by Mazzino Montinari
23/06/2003 - The programme of Pesaro's 39th International Festival of New Cinema includes an overview of the work of one of France’s most celebrated experimental filmmakers. Right from the get-go the Pesaro audience was given the opportunity to understand the huge difference that exists between the production of experimental and avant-garde films.
An example of this are the films produced by the Fresnoy studio of contemporary arts, headed up by Alain Fleischer. Situated in Lille, the Fresnoy is specialised in teaching people about every aspect of this audiovisual sector.
One of this year’s special guests at Pesaro is Cheung Xiaoxing who presented his Le destinataire. This Fresnoy graduate went on to become assistant to both Fleischer and Tsiai Ming Liang (Vive l’amour and The Hole). We asked him to describe what the Fresnoy is all about.
What does one study at the Fresnoy and how long do courses last?
"The Fresnoy is a school for experimental filmmakers where all barriers between the various artistic disciplines have been knocked down. There is complete freedom of expression both in terms of style and subject. The course lasts two years. During your first year you learn the technique of traditional film shooting and use film stock. In the second you begin to experiment and work with classic and innovative formats."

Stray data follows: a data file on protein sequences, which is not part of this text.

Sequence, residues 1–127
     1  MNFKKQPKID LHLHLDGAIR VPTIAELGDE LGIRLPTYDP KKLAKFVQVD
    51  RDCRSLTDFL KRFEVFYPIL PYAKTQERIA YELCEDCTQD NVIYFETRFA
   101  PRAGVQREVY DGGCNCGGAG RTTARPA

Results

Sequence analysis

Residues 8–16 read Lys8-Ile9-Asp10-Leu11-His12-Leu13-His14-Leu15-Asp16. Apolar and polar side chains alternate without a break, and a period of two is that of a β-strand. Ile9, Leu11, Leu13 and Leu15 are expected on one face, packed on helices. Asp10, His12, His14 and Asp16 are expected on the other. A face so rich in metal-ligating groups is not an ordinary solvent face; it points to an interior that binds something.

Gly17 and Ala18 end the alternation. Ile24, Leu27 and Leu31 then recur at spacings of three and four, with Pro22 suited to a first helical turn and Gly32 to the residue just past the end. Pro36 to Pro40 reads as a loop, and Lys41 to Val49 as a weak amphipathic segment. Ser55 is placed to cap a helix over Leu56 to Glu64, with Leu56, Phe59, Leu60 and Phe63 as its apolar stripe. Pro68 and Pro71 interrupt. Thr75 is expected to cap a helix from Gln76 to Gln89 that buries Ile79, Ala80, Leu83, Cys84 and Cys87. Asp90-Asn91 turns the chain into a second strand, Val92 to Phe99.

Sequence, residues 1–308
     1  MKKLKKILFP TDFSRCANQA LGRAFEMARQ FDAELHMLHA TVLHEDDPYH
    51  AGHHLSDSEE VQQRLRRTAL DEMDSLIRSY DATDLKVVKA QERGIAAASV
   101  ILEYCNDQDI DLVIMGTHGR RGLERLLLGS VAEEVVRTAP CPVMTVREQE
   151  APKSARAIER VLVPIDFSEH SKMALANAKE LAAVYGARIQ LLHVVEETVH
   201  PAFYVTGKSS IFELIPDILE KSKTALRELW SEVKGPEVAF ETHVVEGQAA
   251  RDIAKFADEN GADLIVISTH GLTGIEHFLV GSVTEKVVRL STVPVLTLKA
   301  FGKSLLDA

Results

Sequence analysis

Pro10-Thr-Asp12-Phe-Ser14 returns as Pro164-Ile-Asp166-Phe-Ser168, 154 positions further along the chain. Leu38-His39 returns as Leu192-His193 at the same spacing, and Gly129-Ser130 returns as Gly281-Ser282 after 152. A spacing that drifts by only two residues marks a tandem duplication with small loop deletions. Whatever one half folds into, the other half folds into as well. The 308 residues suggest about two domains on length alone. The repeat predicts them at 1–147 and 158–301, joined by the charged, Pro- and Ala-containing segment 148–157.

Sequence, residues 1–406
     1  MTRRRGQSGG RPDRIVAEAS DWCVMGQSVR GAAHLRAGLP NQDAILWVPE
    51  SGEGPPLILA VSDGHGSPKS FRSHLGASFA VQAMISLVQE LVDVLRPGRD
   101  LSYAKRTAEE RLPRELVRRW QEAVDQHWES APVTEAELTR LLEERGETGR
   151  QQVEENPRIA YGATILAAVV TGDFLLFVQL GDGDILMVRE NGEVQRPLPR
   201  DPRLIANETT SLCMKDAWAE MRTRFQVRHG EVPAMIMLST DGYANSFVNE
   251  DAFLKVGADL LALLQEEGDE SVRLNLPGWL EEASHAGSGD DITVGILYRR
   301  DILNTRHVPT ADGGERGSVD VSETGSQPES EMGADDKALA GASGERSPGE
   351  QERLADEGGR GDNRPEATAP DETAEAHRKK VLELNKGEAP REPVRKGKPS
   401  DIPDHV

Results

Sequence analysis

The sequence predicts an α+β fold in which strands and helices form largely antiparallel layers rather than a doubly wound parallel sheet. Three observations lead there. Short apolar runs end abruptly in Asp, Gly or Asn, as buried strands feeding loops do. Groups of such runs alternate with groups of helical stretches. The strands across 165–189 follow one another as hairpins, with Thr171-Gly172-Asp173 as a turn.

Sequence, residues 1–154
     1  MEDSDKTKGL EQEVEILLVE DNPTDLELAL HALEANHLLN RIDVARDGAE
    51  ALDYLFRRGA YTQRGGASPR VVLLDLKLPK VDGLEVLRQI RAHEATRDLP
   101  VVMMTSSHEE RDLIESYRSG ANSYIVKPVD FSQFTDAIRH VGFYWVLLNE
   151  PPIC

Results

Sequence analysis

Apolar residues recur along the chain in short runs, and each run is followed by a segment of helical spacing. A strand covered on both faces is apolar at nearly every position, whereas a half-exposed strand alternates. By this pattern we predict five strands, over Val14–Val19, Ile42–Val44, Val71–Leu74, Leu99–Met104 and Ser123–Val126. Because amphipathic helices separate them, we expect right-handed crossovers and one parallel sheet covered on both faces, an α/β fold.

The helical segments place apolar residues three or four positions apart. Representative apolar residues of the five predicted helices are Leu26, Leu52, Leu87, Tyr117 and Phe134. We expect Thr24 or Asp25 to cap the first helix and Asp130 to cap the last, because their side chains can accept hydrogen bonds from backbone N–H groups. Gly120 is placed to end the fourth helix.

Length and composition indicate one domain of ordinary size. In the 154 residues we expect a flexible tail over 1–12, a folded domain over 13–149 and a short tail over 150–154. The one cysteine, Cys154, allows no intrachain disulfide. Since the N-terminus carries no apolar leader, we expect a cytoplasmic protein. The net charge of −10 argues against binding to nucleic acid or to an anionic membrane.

The Fresnoy is a cosmopolitan school. Who are the teachers?
"Given that students are allowed freedom to experiment, it follows that a variety of teaching methods are required. So teachers tend to work a rotating schedule. They include Jean Luc Godard although I could quote several other very famous names. Every year three nationally and internationally renowned artists are chosen. The twenty students selected to attend the Fresnoy work in close contact with these artists on their respective projects. To that end the school puts everything they might possibly need at their disposal. There is no doubt that freedom of expression and the constant turnover of the teaching staff enrich the school’s production. I must also add that although it is a "national school", the Fresnoy is an international and cosmopolitan school: one third of its students come from non-European countries. "
What happens to the films they make?
"The Fresnoy teaches production and distribution. All the completed works are exhibited in the summer. They then tour a number of countries. In recent years we have gained a high international profile and our works are seen all over the world. "